And even then, the heartbeats kept coming. He wished for them to stop. They should have. He had no right to be alive, no right to still be breathing, for his heart to keep up its dogged, determined persistence to beat. But something forced it, something that did not come from within him, but something that chained his spirit to his body just as the bond chained his wrist to the stone. He was here for ever. It was not a thought, much less a thought that frightened him. It was more than a thought, and at the same time, much less. Conscious thought had become too complex, too exhausting. It was a conviction, one that was not so much frightening as simply there. Even fear had ceased. Fear meant something that pertained to the future, and he didn't have that. The line between a heartbeat and eternity became blurred, and finally ceased to be. There was the darkness, and there was the pain. Degrees varied.
When the darkness around him lifted, it barely registered. It had become interwoven, inseparable with the pain, yet something had intricately unravelled it and taken it away, leaving only pain behind. It did not make sense. Why would the darkness go but leave the pain to stay? His eyes, once used to watching the Mingling of the Lights and seeing the Silmarils in their radiance, watered with the absence of darkness. The light grew as bright as the rays of Laurelin, and with it, a tendril of something like hope entered his heart. He didn't comprehend it; thought was reduced to fleeting notions, elusive like water running through fabric, but he wanted to cling to that tendril, nurture it, so that it might grow into something to sustain him once more. When the light disappeared again, he felt a wild, senseless grief, but it returned, and continued to do both disappear and return with a regularity that made him depend on it anxiously, as proof that the world consisted of something besides pain. Sunrise. Sunset. He learned the words later, in that other world, the one that was clean.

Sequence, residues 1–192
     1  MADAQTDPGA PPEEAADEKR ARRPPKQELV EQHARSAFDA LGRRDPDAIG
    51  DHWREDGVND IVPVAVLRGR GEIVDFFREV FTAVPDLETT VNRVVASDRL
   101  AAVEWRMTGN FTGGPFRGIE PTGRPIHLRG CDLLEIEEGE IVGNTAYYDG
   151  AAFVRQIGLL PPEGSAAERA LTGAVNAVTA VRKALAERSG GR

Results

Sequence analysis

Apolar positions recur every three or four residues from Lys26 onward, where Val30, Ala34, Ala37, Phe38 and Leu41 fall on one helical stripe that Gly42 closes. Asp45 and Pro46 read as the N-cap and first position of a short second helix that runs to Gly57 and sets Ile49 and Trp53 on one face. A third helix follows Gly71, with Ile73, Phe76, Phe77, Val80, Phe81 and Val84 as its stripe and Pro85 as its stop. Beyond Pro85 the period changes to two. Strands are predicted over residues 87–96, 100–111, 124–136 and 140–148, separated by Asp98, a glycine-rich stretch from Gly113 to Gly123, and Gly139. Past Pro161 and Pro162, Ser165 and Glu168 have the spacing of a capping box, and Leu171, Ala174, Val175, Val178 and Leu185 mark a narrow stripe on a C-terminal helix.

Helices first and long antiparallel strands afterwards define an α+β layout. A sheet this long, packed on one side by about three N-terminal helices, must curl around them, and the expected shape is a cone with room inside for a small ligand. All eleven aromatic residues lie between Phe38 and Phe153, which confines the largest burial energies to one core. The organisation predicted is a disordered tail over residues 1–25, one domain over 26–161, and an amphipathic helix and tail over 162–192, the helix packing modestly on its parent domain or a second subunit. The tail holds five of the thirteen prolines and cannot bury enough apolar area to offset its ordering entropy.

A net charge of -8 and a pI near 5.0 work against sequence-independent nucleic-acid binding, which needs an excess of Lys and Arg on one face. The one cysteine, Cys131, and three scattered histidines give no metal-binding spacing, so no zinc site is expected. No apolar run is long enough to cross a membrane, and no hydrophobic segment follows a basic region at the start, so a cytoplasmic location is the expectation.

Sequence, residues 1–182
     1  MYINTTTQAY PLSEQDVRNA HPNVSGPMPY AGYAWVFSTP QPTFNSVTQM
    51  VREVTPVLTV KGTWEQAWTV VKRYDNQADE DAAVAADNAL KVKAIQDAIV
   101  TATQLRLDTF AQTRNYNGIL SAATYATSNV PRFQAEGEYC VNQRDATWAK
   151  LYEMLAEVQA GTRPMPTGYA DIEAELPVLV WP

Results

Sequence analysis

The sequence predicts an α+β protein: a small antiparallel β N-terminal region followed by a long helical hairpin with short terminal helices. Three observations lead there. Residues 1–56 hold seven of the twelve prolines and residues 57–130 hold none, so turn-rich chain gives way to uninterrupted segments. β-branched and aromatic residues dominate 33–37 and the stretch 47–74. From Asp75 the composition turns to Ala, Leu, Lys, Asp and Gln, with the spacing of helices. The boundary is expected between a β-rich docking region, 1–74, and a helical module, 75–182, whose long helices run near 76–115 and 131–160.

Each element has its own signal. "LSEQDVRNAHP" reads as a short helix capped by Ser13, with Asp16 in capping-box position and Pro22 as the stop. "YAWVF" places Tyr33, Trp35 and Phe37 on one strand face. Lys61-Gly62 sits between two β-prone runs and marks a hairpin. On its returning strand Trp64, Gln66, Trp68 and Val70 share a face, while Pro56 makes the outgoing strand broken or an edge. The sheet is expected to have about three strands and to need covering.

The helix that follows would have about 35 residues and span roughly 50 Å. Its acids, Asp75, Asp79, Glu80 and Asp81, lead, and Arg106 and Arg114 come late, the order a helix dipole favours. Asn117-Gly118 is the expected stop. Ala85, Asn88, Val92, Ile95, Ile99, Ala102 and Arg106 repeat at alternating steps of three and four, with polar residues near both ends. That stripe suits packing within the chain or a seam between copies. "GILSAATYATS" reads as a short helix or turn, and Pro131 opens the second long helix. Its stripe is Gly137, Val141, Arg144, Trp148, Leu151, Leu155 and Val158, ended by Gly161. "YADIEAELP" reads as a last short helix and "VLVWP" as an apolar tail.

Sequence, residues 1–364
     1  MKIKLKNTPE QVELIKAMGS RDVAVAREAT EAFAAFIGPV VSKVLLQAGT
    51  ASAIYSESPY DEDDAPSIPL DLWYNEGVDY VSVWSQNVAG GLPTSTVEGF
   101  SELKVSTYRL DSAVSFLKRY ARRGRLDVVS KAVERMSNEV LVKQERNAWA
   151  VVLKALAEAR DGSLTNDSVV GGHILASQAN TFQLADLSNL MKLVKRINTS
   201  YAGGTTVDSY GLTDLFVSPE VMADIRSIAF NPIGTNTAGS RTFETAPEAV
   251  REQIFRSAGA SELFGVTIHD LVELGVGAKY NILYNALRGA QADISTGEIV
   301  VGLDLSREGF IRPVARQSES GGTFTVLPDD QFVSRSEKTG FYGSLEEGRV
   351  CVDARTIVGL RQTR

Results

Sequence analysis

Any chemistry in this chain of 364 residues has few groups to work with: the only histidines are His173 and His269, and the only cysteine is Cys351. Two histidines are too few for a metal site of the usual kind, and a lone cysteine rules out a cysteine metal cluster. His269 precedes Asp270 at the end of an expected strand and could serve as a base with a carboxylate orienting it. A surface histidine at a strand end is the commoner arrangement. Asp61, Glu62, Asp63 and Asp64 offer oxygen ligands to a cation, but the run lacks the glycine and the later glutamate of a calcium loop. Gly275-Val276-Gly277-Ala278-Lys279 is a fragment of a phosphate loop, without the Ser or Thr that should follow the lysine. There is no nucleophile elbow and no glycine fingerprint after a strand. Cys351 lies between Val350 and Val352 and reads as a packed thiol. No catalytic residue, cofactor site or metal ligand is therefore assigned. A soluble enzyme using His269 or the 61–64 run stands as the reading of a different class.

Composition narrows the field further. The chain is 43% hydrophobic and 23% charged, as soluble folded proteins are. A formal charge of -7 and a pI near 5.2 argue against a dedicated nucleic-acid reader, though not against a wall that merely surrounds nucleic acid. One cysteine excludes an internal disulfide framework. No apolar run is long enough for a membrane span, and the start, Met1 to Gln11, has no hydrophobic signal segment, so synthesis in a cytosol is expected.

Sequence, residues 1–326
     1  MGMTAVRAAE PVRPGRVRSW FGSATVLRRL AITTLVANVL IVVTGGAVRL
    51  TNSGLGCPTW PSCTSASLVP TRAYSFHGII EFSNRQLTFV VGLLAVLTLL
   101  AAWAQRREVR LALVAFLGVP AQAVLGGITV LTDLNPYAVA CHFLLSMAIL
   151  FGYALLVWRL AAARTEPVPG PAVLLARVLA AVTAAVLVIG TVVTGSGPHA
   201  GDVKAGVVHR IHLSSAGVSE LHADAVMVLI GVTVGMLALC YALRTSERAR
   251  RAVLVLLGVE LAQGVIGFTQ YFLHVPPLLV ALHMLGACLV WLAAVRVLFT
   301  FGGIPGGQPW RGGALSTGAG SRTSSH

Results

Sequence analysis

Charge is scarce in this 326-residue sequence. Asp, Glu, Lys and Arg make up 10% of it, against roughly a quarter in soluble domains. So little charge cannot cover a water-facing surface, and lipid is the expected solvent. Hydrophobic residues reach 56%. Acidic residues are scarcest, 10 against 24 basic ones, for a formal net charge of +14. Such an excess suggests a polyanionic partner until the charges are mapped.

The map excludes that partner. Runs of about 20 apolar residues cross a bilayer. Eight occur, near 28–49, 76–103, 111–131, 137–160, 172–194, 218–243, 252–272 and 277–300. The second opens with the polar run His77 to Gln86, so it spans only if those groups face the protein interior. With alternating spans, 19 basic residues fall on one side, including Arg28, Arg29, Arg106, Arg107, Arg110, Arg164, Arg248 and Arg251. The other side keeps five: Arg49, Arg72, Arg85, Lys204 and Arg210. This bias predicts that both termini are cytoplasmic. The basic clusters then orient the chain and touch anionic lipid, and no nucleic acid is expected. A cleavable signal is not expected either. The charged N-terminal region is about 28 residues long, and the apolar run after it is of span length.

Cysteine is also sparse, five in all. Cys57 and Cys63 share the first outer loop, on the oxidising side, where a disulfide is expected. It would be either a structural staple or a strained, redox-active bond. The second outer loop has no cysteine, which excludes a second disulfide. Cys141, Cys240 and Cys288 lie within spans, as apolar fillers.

He didn't count the sunrises. Counting would have meant to reassign an importance to the passing of time, and even the vague notion of that sent him reeling. But he awaited them.
Then one of them brought change. It brought sounds. Trumpets, and voices; blue banners flying far down below. Clean sounds. Clean colours. Things that belonged so firmly, so violently to a forgotten time that he would have been sure he was imagining them, but he knew that he could never have, as imagination was something completely beyond him. But the blue of the banners, the patterns picked out on them in silver, stirred something half-buried beneath layers of pain and despair.
"Fingolfin," he whispered.
His voice had a strange sound. It did not belong here, and for several heartbeats, he didn't want to hear it again. Then he realised that, though it might not belong here, it belonged with the ones that were down there. If he could only make his voice reach them, then the pain and darkness would stop.
"Fingolfin!" he screamed. "Fingolfin! Fingolfin!"
There was no reply but the echo of his voice, distorting it and casting it back in wild disarray, fin-nolo-fin-nolo-fin, as in mockery. But the mockery was lost on him. There was not enough Nelyafinwë left in him to feel mocked by the sound of the name that had so infuriated his father.
"Fingolfin!" he cried again, fighting the red anguish threatening to overwhelm him with the exertion, even as the tiny spark within him flared with desperate strength. There was a purpose. And it was unshakably strong, being the only purpose he had known for as long as he could remember. "Fingon! Fingolfin! Hear me! Fingon!"
A wave of agony washed over him then, and though he fought it wildly, he could not struggle free from under it. His world descended into the familiar swirling red and black, shot through with white stabs of agony running through him, drowning out the blue and silver banners below, drowning out the purpose.
When he surfaced again, the sun had set. The sounds and banners were gone.
The spark flickered, and died.
No more waiting for the sunrise. Each passing sunrise seemed to have turned into a mockery of him. The world existed; he knew it now. He could see it. He had heard it. He had cried out for it. And it had turned its back on him and left him here. Time had resumed; but he wanted no part in it. Sunrise, sunset, sunrise, sunset, he turned away from them, turned inward, back to the heartbeats. It was easier there, well-ordered. Heartbeatpainheartbeat. They ran into one thing, one thing that was easy to comprehend as it was always there, always uniform, always the same. Heartbeatpainheartbeat. No more sparks. He didn't want them. They messed up the uniformity and order, and brought more pain, inside and out. Heartbeatpainheartbeat.
Then, a voice that sang.